Soft Skills, known as interpersonal skills, are associated with emotional intelligence and go beyond the formal education level (Hard Skills), being just as necessary and useful to the individual, both professionally and personally. They are ways of tackling certain situations at the behavioural level and comprise a vast area of manifestations.
During May 6th -12th 2018, I participated in the course entitled „Soft skills for teachers, trainers and education staff”, which took place in Bologna, Italy, under the Erasmus + Ecotraining project, reference no. 2017-1-RO01-KA101036080, launched by the Economic-Administrative Technological Highschool, in Piatra-Neamt, Romania. A total of 10 teachers in our institution take part in six training courses, lasting 5-7 days each, concerned with ICT training, counselling and professional guidance, parenting, internationalization and international cooperation, including e-tweening, in Spain, Italy, the Czech Republic, Malta and Portugal. The training activities are validated with Europass tools. The duration of the project is 24 months. As a result of dissemination activities, college teachers and students of the institution will benefit from concrete information on attractive teaching methods, increased parent involvement, up-to-date content tailored to the trainees’ needs in order to ultimately achieve better absorption of graduates on the labour market in Romania.
Here are some examples of soft skills: communication (interpersonal, public, public discourse), conflict negotiation and solving conflicts, time management, creative problem solving, strategic thinking, flexibility, teamwork, networking, assertiveness. The course in Bologna brought together teachers from schools in Portugal, Spain, Belgium, Sweden, Latvia, Estonia, Malta, Poland, Croatia and Romania, who attended theoretical activities followed by practical activities, coordinated by the IFOM trainers (Istituto per la Formazione, l’Occupazione e la Mobilita).
The topics discussed and applied are:
– basic concepts in the neuro-linguistic programming approach;
– teamwork theory;
– teambuilding exercises;
– leadership styles and team roles;
– teamwork in a multicultural environment;
– conflict management theory;
– conflict negotiation and conflict management techniques;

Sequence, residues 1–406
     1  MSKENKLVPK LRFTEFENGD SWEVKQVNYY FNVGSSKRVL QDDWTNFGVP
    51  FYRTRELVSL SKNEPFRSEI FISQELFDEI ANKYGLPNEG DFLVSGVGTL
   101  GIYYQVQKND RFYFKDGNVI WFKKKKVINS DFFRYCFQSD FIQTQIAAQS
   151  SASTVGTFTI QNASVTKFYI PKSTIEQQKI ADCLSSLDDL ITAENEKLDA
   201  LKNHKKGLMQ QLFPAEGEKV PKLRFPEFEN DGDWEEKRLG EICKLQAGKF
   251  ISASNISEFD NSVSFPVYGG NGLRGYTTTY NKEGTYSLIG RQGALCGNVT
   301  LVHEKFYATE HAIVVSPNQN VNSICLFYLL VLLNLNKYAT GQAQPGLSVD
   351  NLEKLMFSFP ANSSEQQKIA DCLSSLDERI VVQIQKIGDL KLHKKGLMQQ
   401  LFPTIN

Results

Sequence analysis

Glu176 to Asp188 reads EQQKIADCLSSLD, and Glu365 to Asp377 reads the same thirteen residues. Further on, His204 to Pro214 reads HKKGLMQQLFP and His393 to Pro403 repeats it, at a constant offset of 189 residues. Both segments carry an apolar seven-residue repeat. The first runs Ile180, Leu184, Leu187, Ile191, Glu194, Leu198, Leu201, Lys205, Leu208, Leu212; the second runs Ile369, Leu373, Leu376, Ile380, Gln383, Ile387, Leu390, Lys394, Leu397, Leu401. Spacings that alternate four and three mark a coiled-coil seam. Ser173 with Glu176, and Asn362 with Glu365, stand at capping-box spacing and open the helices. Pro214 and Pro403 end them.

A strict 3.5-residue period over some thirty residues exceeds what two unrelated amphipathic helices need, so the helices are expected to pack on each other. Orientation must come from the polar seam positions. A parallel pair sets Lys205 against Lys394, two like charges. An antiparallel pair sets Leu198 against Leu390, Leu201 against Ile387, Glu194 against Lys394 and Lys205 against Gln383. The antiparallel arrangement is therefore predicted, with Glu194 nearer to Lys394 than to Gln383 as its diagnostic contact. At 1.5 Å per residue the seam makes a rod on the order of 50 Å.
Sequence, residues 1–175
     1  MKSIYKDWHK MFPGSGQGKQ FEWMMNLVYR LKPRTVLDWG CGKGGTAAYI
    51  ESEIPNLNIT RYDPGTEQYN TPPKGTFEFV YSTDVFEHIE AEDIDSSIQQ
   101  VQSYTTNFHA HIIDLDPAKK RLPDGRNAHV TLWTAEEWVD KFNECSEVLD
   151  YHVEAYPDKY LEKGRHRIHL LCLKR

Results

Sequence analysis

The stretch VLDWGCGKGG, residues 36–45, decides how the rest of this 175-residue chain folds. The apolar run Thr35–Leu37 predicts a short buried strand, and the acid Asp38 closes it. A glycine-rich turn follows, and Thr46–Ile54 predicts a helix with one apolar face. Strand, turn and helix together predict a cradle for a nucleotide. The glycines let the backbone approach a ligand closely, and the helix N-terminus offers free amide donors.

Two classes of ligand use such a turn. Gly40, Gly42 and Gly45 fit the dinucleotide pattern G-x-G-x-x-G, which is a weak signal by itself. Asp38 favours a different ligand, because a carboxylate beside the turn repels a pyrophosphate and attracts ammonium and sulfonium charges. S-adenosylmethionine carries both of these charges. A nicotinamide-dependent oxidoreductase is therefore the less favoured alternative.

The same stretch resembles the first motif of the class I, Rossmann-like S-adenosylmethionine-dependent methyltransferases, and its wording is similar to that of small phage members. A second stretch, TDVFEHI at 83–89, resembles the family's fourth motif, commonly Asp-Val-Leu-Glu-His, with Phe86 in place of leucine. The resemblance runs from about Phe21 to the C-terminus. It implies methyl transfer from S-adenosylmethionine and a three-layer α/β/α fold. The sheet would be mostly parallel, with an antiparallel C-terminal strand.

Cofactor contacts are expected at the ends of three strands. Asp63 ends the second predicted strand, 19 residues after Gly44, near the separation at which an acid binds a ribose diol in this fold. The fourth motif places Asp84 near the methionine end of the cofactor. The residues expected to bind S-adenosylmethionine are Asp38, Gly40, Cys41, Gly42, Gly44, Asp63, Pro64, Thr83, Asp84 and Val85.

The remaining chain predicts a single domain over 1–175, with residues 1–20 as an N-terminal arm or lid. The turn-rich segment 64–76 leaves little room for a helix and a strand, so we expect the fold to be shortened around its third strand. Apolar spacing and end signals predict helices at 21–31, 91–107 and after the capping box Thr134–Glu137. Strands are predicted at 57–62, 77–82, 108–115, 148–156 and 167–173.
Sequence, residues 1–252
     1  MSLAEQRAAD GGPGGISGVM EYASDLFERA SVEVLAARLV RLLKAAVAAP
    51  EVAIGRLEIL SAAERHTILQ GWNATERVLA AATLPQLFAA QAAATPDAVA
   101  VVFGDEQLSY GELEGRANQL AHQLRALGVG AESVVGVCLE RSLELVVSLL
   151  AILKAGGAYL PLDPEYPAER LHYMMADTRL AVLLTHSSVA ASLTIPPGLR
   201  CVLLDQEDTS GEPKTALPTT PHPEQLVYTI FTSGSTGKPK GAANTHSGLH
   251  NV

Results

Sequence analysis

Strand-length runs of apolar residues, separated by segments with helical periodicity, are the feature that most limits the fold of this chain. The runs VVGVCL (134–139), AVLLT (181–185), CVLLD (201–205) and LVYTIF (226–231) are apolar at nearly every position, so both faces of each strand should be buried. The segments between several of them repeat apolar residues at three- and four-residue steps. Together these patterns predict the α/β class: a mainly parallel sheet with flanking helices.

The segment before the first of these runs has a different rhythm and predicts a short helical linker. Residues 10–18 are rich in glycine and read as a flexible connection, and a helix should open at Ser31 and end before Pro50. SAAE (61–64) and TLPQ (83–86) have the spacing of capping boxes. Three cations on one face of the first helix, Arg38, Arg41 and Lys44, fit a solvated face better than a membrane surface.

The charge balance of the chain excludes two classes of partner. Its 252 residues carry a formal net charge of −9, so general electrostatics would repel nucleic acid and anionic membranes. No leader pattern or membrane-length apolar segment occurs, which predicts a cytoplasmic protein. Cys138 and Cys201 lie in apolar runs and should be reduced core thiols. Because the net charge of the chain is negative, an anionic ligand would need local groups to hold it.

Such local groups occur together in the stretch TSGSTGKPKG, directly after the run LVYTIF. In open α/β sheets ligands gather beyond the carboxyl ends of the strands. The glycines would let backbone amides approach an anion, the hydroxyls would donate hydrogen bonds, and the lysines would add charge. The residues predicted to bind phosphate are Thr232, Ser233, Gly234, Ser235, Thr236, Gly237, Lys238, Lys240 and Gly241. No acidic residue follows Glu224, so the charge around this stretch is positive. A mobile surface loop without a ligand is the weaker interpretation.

– the basics of public discourse;
– styles of communication and learning;
– planning a public speech;
– effective design and delivery of the speech.
One of the sequences that seemed interesting to me was that each new course day started with a wrap-up, a review of the previous day’s information, involving teamwork and brainstorming, writing the information on a flip chart, and the presentation was done by either a leader or by the individual members of the team, presenting their own contribution. Working and decision making at team-level increases group cohesion and the efficiency of the review. Applied in class, teacher-student communication is no longer based on the questionnaire, on the individual answer, but each pupil has the chance to make a contribution, however small, to speak in public and feel successful. The result will be that student’s motivation for performing school activities increases. On the other hand, the source of information is not the teacher solely, but also the other students. Shyness, fear of failure vanish, and a pro-learning attitude develops. Part of the dissemination will consist in the elaboration of a teacher’s guide, precisely to capitalize, not only on the theoretical notions acquired during the course but also on the extraordinary practical activities chosen by the mentors.
A consistent benefit of this mobility is the cultural dimension of the area visited. Walking in the city where the first European university was founded (1088), in a multicultural group, accompanied by volunteers who introduced us to a different area each evening, meant to get a bit addicted to the spirit of the place. Le Due Torri (The Two Towers) is Bologna’s meeting point. Pinacoteca reflects a ray of light on the Renaissance painting. The Museum of Modern Arts displays dynamic sculptures in unconventional materials and abstract painting. The Teatro Comunale di Bologna, where we spent magnificent hours watching Vincenzo Bellini’s ”I Capuleti e i Montecchi” opera, has majestically painted ceilings, golden walls decorated with bas-reliefs of cultural geniuses. What about architecture? The central part of the city, with miles of sidewalks covered by arches called „portico”, is a wonderful outdoor museum. Residents? Friendly and communicative. The vast majority speak English, especially because there live many students.
We end the brief presentation of what Bologna meant to us by saying that we have met special people, have learned how to do things in a more interesting manner, for both ourselves and our students, and have seen wonderful places.
June 27, 2018
Teacher Aurora Moscalu
Economic Administrative Technological Highschool